Designing a high performance market data feed handler

The feed handler is one of the most important component of any algorithmic trading system. Without accurate market data any high-frequency or algorithmic strategy won’t be able to make correct decisions. This post describes the design of a simple feed handler for cash equities data.

Cash equities data is usually distributed as a series of events updating the status of an order in the system:

During a normal trading day it’s common to receive hundreds of thousands of these events per second. The challenge is to process these events and aggregate the orders into a series of bid and offer prices and sizes with low latency. This involves several steps:

  1. The data is received on the wire
  2. Decode the wire format
  3. Update the state of the order
  4. Update the state of the aggregate order book
  5. Inform consumers of the updated order book

The first step can be accelerated by using kernel bypass technology which transfers data directly from the NIC into userspace memory using DMA. Decoding the wire format is usually trivial. In order to track the state of each order the feed handler needs two mappings. One from symbol to order book and one from order reference to order. These mappings are unordered and implemented using hash tables. Each order book needs to keep track of two ordered sets of aggregated price levels, one for bids and one for offers. A typical data structure for this would be a binary search tree. Finally any consumers of the market data are informed. This setup results in O(log n) complexity in number of price levels of the feed handler.

I created a simple C++ implementation of a feed handler for NASDAQ ITCH 4.1 and benchmarked it using example data downloaded from NASDAQ:

Mean:   0.71 us/update
95%:    1.03 us/update
Max:    1007.14 us/update
Min:    0.01 us/update
0 
0.1 
0.2 
0.3 ******
0.4 ************
0.5 **************
0.6 ****************
0.7 *****************
0.8 ***************
0.9 ***************

These statistics were generated by timing batches of 100 updates in order to reduce the measurement error. The results looks decent, but the histogram shows a fairly wide distribution around the mean. So what’s going on here? Jitter can usually be attributed to memory allocations and cpu cache misses. There are memory allocations occurring in the hash tables and the search trees whenever something is added or removed. Each hash table look up pulls in two cache lines and each search tree operation pulls in many cache lines. How can we improve the cache efficiency of the feed handler? One important property of market data is that the updates are exponentially distributed over price. So by keeping the price levels in a sorted array most of the insertions and deletions would only cause a few elements to be moved around and no memory allocations. Furthermore in-order iteration will be cache efficient:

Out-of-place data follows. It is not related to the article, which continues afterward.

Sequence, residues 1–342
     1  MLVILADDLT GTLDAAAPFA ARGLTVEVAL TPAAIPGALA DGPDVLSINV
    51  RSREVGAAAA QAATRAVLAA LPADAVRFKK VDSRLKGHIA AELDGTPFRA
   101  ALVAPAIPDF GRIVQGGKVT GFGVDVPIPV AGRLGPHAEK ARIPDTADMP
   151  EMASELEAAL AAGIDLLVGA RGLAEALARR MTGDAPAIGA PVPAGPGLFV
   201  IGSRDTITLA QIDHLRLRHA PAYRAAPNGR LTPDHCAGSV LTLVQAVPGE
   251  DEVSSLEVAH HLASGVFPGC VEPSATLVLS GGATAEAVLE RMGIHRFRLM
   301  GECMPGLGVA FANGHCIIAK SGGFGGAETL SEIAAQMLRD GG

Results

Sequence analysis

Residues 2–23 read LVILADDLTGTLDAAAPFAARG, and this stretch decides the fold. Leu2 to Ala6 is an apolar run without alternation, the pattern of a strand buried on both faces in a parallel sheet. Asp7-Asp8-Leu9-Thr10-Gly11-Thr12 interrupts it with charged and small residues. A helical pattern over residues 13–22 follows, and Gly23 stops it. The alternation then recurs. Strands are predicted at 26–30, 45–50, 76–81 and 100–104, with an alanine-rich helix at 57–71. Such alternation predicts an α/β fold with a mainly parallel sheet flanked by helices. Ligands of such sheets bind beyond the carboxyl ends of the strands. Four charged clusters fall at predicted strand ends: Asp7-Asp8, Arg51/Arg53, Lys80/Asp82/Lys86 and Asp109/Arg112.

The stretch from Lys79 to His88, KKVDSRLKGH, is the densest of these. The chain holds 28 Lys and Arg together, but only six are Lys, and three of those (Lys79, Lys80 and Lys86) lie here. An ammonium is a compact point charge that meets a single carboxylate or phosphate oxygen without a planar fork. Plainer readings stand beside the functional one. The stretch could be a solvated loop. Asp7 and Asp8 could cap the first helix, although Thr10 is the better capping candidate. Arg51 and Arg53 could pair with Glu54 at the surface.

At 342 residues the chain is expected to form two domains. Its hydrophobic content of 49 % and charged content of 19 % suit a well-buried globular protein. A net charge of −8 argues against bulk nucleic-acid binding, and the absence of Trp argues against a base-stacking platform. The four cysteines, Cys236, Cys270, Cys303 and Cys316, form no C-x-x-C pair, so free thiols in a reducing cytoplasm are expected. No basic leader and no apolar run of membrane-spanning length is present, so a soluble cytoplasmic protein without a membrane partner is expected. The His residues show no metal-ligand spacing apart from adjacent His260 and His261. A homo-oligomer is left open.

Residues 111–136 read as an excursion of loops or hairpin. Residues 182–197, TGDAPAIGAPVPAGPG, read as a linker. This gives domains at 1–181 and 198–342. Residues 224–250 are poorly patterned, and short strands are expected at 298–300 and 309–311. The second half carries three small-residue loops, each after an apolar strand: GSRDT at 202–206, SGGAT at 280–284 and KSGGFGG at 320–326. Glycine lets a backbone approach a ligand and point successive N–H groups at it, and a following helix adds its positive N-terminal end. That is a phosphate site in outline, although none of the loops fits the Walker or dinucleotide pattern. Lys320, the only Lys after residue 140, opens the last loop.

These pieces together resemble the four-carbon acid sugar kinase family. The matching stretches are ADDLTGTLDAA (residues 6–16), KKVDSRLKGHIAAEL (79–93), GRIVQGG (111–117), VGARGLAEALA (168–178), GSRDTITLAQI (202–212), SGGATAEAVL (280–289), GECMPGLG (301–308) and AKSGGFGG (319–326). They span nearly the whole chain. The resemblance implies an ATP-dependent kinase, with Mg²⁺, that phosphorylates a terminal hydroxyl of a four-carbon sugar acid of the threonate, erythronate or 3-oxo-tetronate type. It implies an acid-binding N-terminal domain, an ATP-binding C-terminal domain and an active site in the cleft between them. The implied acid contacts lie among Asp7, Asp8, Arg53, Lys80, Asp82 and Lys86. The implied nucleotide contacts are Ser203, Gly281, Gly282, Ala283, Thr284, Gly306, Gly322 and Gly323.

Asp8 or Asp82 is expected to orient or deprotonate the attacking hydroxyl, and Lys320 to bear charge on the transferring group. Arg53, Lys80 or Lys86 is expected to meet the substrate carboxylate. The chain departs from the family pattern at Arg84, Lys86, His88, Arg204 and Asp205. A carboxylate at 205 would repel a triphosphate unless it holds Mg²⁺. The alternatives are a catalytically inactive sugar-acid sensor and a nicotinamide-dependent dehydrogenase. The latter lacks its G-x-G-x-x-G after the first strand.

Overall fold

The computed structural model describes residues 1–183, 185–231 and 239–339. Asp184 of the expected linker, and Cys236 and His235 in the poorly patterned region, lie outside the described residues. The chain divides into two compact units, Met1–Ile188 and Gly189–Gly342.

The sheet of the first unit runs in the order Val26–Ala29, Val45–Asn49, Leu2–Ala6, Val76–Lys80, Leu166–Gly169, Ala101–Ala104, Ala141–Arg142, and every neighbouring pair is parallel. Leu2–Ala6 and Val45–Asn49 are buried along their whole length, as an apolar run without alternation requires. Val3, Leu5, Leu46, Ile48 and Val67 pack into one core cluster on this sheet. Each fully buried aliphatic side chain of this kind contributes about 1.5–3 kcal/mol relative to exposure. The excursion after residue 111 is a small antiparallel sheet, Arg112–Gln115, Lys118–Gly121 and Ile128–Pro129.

Mean:   0.57 us/update
95%:    0.79 us/update
Max:    992.53 us/update
Min:    0.01 us/update
0 
0.1 
0.2 **
0.3 ************
0.4 ********************
0.5 *************************
0.6 **********************
0.7 **********
0.8 ***
0.9 **

This looks much better and is very consistent even though complexity is O(n) in number of price levels. There are further micro optimizations possible and big gains can be achieved by only processing a small set of symbols.

The implementation is available at github.